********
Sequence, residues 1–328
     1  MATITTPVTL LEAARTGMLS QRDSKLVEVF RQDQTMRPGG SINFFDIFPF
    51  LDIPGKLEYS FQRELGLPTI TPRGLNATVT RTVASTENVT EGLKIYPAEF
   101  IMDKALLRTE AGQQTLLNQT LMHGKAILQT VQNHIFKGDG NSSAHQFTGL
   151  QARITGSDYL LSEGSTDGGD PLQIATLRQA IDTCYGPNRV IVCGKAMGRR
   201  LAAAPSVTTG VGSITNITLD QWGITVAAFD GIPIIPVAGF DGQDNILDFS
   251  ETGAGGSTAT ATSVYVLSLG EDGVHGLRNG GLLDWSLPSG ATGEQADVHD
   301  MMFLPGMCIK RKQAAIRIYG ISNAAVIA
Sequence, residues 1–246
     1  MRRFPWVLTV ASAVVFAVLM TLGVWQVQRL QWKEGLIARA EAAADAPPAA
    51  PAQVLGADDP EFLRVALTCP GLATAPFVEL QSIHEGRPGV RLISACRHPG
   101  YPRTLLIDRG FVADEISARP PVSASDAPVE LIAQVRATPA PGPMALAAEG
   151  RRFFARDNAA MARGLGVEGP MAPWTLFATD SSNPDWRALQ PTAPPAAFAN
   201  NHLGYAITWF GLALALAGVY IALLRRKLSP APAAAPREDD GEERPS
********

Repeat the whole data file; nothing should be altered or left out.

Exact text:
Sequence, residues 1–328
     1  MATITTPVTL LEAARTGMLS QRDSKLVEVF RQDQTMRPGG SINFFDIFPF
    51  LDIPGKLEYS FQRELGLPTI TPRGLNATVT RTVASTENVT EGLKIYPAEF
   101  IMDKALLRTE AGQQTLLNQT LMHGKAILQT VQNHIFKGDG NSSAHQFTGL
   151  QARITGSDYL LSEGSTDGGD PLQIATLRQA IDTCYGPNRV IVCGKAMGRR
   201  LAAAPSVTTG VGSITNITLD QWGITVAAFD GIPIIPVAGF DGQDNILDFS
   251  ETGAGGSTAT ATSVYVLSLG EDGVHGLRNG GLLDWSLPSG ATGEQADVHD
   301  MMFLPGMCIK RKQAAIRIYG ISNAAVIA
Sequence, residues 1–246
     1  MRRFPWVLTV ASAVVFAVLM TLGVWQVQRL QWKEGLIARA EAAADAPPAA
    51  PAQVLGADDP EFLRVALTCP GLATAPFVEL QSIHEGRPGV RLISACRHPG
   101  YPRTLLIDRG FVADEISARP PVSASDAPVE LIAQVRATPA PGPMALAAEG
   151  RRFFARDNAA MARGLGVEGP MAPWTLFATD SSNPDWRALQ PTAPPAAFAN
   201  NHLGYAITWF GLALALAGVY IALLRRKLSP APAAAPREDD GEERPS